Assessing the efficacy of androgen receptor and Sox10 as independent markers of the triple-negative breast cancer subtype by transcriptome profiling
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Khalid N. Al-Zahrani1,2, David P. Cook1,2, Barbara C. Vanderhyden1,2 and Luc A. Sabourin1,2
1Ottawa Hospital Research Institute, Centre for Cancer Therapeutics, Ottawa, Ontario, Canada
2Department of Cellular and Molecular Medicine, University of Ottawa, Ottawa, Ontario, Canada
Luc A. Sabourin, email: email@example.com
Keywords: androgen receptor; Sox10; bioinformatics; biomarkers; breast cancer
Received: April 10, 2018 Accepted: August 13, 2018 Published: September 07, 2018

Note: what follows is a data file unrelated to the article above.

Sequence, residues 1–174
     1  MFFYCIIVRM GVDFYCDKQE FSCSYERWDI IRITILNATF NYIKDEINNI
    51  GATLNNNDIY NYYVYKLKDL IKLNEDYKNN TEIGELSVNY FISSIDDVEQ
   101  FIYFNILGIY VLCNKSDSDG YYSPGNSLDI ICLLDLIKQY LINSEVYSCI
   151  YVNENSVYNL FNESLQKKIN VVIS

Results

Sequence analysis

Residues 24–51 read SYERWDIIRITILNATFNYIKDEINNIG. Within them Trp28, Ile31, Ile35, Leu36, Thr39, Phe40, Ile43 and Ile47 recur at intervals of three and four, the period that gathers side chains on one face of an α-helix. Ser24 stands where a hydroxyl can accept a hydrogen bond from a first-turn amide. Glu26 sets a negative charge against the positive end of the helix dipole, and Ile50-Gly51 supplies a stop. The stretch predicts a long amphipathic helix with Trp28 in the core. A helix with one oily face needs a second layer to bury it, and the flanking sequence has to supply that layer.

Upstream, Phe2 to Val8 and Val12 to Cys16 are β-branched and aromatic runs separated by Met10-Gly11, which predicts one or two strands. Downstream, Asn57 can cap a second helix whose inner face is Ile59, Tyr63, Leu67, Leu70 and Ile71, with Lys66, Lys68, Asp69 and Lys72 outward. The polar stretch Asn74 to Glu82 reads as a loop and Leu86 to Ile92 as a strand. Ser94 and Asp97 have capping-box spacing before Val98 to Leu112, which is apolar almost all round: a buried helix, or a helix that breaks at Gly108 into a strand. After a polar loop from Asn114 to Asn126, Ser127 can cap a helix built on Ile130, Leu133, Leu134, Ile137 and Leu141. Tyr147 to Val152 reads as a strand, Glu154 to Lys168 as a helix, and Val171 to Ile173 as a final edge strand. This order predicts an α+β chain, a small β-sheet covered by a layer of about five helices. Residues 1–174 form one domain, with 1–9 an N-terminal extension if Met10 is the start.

The Androgen Receptor (AR) has recently garnered a lot of attention as a potential biomarker and therapeutic target in hormone-dependent cancers, including breast cancer. However, several inconsistencies exist within the literature as to which subtypes of breast cancer express AR or whether it can be used to define its own unique subtype. Here, we analyze 1246 invasive breast cancer samples from the Cancer Genome Atlas and show that human breast cancers that have been subtyped based on their HER2, ESR1, or PGR expression contain four clusters of genes that are differentially expressed across all subtypes. We demonstrate that Sox10 is highly expressed in approximately one-third of all HER2/ESR1/PGR-low tumors and is a candidate biomarker of the triple-negative subtype. Although AR expression is acquired in many breast cancer cases, its expression could not define a unique subtype. Despite several reports stating that AR expression is acquired in HER2/ESR1/PGR triple-negative cancers, here we show that a low percentage of these cancers express AR (~20%). In contrast, AR is highly expressed in HER2-positive or ESR1/PGR-positive cancers (> 95%). Although AR expression cannot be used as an independent subtype biomarker, our analysis shows that routine evaluation of AR expression in tumors which express HER2, ESR1 and/or PGR may identify a unique subset of tumors which would benefit from anti-androgen based therapies.
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